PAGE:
The Path to Play College Sports

Junior Peyton O’Brien committed to the University of Mississippi to play Division I volleyball as a sophomore in high school.

Many children dream of being a college athlete. But continuing to play a varsity level sport in college happens for one in 14 high school athletes, according to the National College Athletic Association (NCAA). For that seven percent of student-athletes, they go through a long and complex recruitment process. 

This typically starts with the athlete contacting coaches of schools they are interested in. The potential recruit needs to keep their grades above a certain level, depending on what division they aim to play in: Division I players need a 2.3 or higher GPA and to take 16 core academic courses, and Division II and III players need a 2.2 or higher GPA and to take 16 core academic courses, the NCAA’s website states. 

Then, the process proceeds with athletes going to camps or showcases so the college coaches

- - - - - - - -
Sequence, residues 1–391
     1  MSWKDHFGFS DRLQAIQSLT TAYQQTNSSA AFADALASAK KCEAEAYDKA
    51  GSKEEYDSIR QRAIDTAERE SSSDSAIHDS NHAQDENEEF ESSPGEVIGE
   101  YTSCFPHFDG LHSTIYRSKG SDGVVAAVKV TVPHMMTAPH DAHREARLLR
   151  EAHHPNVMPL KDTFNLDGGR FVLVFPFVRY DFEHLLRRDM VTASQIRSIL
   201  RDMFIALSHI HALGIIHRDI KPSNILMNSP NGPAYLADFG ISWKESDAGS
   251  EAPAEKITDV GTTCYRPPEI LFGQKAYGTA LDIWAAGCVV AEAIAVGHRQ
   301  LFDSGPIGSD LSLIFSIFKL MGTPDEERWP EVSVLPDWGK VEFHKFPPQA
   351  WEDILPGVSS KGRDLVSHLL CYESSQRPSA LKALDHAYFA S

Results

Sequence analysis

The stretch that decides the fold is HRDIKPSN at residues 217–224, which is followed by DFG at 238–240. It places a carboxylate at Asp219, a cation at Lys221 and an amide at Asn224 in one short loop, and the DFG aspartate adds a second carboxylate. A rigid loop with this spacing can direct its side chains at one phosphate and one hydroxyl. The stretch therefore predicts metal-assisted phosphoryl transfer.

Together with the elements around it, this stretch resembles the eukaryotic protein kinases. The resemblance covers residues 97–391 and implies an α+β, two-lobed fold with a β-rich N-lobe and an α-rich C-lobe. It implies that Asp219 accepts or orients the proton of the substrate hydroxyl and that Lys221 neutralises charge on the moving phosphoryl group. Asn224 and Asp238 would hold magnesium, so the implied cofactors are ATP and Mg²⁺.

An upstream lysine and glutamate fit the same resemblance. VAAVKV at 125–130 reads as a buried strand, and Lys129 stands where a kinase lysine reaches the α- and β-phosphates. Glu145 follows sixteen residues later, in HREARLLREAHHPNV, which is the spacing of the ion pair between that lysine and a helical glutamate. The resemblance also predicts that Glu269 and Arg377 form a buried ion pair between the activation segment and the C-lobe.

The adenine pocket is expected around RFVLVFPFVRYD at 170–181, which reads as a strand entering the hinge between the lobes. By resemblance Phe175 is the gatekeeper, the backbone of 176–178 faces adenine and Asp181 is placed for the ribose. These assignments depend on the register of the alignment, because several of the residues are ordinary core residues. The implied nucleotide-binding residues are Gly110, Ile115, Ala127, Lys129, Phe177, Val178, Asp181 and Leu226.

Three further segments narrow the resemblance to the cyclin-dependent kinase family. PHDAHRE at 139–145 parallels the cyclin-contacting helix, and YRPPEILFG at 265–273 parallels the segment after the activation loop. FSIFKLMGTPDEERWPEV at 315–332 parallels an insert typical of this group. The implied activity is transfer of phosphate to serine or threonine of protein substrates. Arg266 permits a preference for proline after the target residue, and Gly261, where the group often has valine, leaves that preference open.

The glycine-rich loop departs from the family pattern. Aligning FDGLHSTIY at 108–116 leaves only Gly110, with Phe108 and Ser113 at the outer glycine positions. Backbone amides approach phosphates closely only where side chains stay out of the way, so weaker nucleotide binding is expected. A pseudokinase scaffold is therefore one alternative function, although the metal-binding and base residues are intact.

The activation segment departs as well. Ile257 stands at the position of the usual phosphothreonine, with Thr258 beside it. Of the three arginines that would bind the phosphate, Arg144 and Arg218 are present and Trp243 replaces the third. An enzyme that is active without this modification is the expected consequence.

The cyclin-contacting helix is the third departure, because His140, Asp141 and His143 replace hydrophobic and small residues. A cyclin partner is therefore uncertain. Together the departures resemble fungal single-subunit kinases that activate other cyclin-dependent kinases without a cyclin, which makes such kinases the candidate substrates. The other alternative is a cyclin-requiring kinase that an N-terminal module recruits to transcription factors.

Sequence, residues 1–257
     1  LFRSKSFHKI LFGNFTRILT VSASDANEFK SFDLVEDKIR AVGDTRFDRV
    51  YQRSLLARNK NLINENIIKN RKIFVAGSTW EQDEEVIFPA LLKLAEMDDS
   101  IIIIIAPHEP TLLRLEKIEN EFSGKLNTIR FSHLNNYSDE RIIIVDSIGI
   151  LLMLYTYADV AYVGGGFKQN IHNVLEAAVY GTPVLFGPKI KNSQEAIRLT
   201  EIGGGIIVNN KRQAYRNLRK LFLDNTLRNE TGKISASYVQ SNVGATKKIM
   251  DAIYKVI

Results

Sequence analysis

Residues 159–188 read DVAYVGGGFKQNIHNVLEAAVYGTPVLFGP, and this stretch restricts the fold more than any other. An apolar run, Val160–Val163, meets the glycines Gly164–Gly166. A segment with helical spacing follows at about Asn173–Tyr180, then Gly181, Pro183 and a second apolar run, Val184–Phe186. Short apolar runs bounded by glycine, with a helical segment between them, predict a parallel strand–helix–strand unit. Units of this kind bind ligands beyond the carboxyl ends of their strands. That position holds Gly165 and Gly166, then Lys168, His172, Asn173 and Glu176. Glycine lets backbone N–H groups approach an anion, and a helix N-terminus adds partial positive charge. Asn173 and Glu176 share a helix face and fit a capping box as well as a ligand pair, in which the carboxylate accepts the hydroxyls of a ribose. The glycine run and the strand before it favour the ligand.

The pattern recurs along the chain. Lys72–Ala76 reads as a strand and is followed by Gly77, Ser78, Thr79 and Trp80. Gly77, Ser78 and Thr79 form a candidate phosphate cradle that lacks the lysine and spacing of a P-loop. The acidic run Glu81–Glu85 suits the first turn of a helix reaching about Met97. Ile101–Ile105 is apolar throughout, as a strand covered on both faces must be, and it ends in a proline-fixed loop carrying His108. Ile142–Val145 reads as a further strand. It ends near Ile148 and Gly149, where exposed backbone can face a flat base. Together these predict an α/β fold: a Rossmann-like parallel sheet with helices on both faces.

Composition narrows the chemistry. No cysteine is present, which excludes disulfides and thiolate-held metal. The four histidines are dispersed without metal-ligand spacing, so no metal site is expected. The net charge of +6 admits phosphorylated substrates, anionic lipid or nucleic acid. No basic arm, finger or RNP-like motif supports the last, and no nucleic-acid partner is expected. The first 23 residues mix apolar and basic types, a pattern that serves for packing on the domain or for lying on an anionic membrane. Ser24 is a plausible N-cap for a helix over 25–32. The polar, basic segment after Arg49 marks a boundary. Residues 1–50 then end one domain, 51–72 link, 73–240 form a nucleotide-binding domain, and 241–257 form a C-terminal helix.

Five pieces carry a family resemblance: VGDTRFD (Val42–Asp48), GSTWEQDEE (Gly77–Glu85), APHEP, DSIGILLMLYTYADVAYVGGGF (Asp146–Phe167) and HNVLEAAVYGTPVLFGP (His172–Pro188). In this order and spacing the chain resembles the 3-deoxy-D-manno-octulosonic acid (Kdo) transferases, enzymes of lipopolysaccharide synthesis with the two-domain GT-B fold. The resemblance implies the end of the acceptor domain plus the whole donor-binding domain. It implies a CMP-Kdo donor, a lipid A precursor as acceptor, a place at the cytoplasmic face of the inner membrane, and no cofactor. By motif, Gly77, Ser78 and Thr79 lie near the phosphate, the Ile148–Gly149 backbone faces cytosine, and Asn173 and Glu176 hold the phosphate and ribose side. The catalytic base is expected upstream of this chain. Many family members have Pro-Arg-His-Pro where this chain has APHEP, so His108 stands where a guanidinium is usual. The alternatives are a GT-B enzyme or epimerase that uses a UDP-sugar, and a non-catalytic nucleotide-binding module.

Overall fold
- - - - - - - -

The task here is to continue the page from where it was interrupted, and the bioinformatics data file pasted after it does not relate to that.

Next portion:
can evaluate and see them play in person, or the coach will come to an interested player’s game. Finally, the hopeful athlete waits for offers from universities. If given an offer to a Division I or II school, the player will verbally commit to the university and will officially be a part of the team once they sign a National Letter of Intent.

Depending on the athlete, the recruiting process could start as early as middle school or not until one’s junior year, and it could last anywhere from a few months or years in length. 

The recruitment process for college sports has rapidly changed since the rise of the internet and social media. College coaches are able to search online for potential recruits and will receive interest emails with videos directly from the athletes. 

Senior Hunter Lynch describes how important the emailing process was for him. After realizing that he wanted to continue his career as a soccer goalie in college, Lynch emailed multiple universities his club soccer schedule and some game film during his junior year. 

“You never know when someone will respond,” Lynch stated regarding the number of emails he sent. He did get responses from multiple schools, but in the end, Lynch committed to Carroll University, a Division III school in Waukesha, Wisconsin.